It’s kind of mind boggling but a major media employer is asking people it didn’t hire to fill out a survey about the personnel process. Sure, you’re not a right fit for the job opening but we want to pick your brain for free.

Jim Romenesko is the author of a popular blog covering media and journalism called Via his blog, he received this message: “I’ve never received a request to participate in a survey for a potential employer before. I didn’t get far in the process in a job I applied for at NBCUniversal, but I thought it was an interesting concept.

“Is this a positive, beneficial step to aid job hunters? Or, is this just adding insult to injury? If I’m busy sending out cover letters, do I really have time to answer your company’s questions about a process that concluded with my not being chosen? I wonder if other media companies are using this.”

The company in question is NBCUniversal. Just in case you didn’t know, according to its website, “NBCUniversal owns and operates a valuable portfolio of news and entertainment television networks, a premier motion picture company, significant television production operations, a leading television stations group, world-renowned theme parks, and a suite of leading Internet-based businesses. NBCUniversal is a subsidiary of Comcast Corporation.”

The letter from NBCUniversal says, in part, “We are inviting you to influence us. We want feedback from anyone who applied for a job with us – no matter how far you went in the process. Your participation in this brief 10-20 minute online survey will help us to provide a better candidate experience to future job seekers.” That audible gulp you heard was someone aghast at the thought of taking a 20-minute survey for a company that didn’t hire them.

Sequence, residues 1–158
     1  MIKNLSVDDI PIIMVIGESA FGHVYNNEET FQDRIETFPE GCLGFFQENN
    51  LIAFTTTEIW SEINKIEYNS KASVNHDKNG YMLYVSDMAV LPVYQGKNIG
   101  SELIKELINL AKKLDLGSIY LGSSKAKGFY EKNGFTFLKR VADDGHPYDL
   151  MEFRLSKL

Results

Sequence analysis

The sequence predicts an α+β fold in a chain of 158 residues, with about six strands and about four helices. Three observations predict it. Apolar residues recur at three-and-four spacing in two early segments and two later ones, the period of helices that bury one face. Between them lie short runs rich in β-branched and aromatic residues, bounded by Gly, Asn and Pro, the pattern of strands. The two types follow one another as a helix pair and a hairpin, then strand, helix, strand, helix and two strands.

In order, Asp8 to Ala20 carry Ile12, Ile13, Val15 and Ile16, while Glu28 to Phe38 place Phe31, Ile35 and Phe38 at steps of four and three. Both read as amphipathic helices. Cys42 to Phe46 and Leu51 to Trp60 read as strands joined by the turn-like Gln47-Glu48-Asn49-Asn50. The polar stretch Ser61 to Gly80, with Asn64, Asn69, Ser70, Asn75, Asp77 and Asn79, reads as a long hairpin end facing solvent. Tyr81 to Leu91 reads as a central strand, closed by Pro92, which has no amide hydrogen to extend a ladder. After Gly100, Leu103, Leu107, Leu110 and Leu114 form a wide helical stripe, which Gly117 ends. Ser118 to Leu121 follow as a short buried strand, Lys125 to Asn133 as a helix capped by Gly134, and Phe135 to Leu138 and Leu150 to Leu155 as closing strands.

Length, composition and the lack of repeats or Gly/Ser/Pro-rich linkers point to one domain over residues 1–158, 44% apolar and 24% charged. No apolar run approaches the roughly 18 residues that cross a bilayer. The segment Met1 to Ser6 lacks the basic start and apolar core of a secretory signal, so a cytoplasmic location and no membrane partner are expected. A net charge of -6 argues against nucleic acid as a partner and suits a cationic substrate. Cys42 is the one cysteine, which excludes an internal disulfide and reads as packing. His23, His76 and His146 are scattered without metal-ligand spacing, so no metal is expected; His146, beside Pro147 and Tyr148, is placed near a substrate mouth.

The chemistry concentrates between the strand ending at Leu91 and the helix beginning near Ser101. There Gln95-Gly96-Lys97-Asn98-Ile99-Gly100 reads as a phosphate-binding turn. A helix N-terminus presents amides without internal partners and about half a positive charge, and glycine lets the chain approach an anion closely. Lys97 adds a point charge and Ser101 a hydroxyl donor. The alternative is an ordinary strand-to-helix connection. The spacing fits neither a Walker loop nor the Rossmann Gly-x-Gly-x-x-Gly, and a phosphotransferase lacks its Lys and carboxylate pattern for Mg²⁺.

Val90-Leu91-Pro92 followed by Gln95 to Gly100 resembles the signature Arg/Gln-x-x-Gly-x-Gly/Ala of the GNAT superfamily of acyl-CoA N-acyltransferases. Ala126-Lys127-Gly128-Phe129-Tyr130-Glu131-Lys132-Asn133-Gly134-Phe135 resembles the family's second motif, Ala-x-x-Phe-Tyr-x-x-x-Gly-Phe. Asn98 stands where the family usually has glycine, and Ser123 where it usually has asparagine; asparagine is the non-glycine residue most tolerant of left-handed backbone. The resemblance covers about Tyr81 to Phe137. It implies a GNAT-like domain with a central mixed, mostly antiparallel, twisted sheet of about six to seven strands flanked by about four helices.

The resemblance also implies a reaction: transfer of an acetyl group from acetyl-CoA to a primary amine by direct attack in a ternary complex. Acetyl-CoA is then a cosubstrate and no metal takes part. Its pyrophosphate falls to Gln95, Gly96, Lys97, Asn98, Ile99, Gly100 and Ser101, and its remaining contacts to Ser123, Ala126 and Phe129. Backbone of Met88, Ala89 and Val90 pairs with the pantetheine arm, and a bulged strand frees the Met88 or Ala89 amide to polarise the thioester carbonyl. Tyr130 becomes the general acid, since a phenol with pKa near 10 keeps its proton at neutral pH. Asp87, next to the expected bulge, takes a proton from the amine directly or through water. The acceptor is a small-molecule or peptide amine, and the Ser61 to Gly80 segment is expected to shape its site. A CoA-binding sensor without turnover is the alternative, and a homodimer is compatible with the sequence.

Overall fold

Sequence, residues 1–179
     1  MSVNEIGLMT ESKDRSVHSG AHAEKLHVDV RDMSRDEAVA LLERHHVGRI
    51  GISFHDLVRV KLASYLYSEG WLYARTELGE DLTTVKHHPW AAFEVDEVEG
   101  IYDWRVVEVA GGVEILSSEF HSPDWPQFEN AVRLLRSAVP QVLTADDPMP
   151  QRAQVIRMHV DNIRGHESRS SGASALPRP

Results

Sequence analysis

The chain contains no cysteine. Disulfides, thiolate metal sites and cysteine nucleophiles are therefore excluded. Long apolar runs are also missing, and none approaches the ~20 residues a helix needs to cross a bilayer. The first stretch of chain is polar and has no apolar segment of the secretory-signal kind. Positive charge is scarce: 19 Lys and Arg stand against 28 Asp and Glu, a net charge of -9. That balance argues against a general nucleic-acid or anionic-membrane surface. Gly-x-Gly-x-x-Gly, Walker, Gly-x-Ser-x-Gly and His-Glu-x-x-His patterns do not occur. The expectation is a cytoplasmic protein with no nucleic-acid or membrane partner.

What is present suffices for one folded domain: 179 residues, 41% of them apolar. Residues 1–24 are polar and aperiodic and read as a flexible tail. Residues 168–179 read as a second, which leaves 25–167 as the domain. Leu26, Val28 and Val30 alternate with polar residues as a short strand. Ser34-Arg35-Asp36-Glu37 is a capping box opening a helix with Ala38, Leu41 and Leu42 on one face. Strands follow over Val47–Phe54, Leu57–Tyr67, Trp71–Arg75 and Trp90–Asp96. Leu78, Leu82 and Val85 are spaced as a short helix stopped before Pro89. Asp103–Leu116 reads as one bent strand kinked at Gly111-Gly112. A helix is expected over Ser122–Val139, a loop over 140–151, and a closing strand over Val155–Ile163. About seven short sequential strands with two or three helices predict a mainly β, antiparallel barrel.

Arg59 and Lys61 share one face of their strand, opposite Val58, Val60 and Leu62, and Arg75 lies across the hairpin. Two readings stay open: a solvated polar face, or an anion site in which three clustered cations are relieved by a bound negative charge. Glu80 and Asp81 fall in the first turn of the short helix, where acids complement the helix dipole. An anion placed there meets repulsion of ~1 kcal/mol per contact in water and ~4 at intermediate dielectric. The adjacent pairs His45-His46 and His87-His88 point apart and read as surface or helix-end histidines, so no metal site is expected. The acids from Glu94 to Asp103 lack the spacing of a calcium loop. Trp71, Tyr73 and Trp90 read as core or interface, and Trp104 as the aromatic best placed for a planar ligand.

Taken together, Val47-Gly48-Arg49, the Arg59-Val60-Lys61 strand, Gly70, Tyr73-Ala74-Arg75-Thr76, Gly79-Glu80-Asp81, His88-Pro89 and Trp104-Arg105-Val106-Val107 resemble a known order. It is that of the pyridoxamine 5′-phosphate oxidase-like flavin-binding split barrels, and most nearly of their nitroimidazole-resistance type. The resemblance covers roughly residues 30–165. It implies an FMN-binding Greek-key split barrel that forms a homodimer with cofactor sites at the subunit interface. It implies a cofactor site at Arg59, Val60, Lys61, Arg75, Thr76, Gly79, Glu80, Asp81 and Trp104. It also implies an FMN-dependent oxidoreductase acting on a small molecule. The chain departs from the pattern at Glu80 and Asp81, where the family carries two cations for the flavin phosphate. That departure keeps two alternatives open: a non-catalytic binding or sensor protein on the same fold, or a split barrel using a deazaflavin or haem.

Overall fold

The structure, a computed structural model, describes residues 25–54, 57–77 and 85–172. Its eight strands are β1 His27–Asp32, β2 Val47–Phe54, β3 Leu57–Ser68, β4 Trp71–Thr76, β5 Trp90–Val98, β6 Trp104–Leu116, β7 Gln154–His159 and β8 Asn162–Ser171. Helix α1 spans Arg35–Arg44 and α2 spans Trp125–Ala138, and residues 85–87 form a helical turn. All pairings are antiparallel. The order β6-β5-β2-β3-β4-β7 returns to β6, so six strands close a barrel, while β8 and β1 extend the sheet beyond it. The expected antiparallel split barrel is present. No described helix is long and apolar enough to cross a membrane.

NBCUniversal used a company called The Talent Board to conduct the survey, according to Romenesko. It is a “non-profit organization focused on the elevation and promotion of a positive candidate experience,” according to its website. Annually it hands out an honor called the North American Candidate Experience (CandE) Awards. The philosophy of the CandE Awards, according to The Talent Board, “is to recognize all corporations that meet the standard of candidate experience excellence.” For 2013, 122 companies applied to the award, and responses were collected from more than 46,000 candidate surveys, the company said.

It appears the awkward “post-interview where the company doesn’t hire you” survey is related to the CandE awards. reported that The Talent Board conducted the surveys.

Elaine Orler, chairman and co-founder of the Talent Board, said in a press release announcing the 2013 winners, “When companies are able to deliver a positive candidate experience, they continue to foster quality relationships with these individuals and build respect. The organizations selected as CandE Award winners show a firm understanding of the need to continuously improve their recruitment practices and provide their job applicants with a positive, rewarding and insightful candidate experience, regardless of whether or not they are hired.”

Molly Moseley, writing at The Linkup Blog, said there is value to companies providing feedback to rejected applicants. (Maybe this survey is one of way of maintaining communications.) She said forward thinking companies are providing feedback and it pays off.

She writes, “These companies believe the benefits of providing feedback to rejected candidates outweigh the drawbacks of avoiding it altogether. Why would a company want do this? Here are three potential benefits:

  1. Good candidates will continue applying – Communicating with … good candidates shows you value the time they dedicated during the interview process.
  2. Positive brand building
 – The goodwill created by providing constructive feedback helps create a positive brand reputation.
  3. Candidates may become customers
 – Candidates rejected by you will go on to work for someone else. But don’t be surprised if you cross paths with them again in a different way: as customers.”

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